In English, many things are named after a particular country – but have you ever wondered what those things are called in those countries?
1escandalizarthey were scandalized — se escandalizaron
- Jesus scandalized people by speaking God's law in his own name.
- His father has been scandalising us for years, despite repeated attempts to muzzle him.
- Australia's continuing loss of defence capability would scandalise the Australian people if the whole truth were to be revealed.
- Such people are scandalized by the existence of two entirely homosexual city quarters in San Francisco.
- It found him in contempt of court, and found that he had attempted to scandalise the Family Court.
- One of my earliest convictions in becoming Catholic is that the Faith scandalizes us (different people in different ways) and that the scandal is a judgment on us, not on the Faith.
- She decided that on a day where she was not quite as tired, she would be her normal self and attempt to scandalize the prince.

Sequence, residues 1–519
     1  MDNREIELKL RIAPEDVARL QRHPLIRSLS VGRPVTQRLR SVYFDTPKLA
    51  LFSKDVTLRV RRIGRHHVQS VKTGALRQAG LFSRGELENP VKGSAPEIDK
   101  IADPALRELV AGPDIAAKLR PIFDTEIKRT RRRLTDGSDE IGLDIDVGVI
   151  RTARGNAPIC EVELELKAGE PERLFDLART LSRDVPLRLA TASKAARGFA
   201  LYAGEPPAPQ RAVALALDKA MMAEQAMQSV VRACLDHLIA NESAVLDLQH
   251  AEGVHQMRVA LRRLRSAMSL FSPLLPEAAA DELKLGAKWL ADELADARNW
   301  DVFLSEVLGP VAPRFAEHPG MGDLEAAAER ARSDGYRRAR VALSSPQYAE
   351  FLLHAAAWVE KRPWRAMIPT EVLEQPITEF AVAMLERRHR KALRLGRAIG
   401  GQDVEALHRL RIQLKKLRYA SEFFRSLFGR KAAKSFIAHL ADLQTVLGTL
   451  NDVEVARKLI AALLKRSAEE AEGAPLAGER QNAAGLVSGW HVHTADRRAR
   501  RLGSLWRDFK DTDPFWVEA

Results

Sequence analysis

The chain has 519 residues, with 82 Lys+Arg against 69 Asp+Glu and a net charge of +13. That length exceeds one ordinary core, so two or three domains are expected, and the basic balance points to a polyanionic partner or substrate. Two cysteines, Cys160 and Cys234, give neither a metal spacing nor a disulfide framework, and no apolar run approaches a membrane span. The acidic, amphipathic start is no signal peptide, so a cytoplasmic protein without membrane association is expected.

- A person of weak morals would have gone out to scandalise his colleagues even on matters he agreed with.
- This profession scandalizes her mother, a member of the local gentry, a class slightly above that of most of the people Enid cares for.
- Unable to resist scandalising his guests still further, Hunter then delivered his pièce de résistance.
- As a youth he had scandalized his family by studying medicine, and had published at Rome, at great expense, a treatise on the difficulty of belching while lying down.
- Some people of the old guard are still scandalised by public kissing.
- The people in the town liked to pay attention to made up stories that would ‘simply scandalize the neighbors!’
- How about you pick something else to scandalize him with?
- When I came to pick up the order, I was scandalized by the seemingly outrageous price and refused to accept them.
- The preacher's adulteries scandalize the Scripture-reading congregation of Zion Hope.
- The visitors were scandalized by the chastisements imposed by the French upon their children.
- He was scandalised by her moral stand on political issues.
- Worse still, we seem to have fixed upon a great many varieties that scandalise me.
- Not only did Jesus scandalize these leaders by the company he kept, he went so far as to openly confront their hypocrisy.
English has borrowed many of the following foreign expressions of parting, so you’ve probably encountered some of these ways to say goodbye in other languages.
Many words formed by the addition of the suffix –ster are now obsolete - which ones are due a resurgence?
As their breed names often attest, dogs are a truly international bunch. Let’s take a look at 12 different dog breed names and their backstories.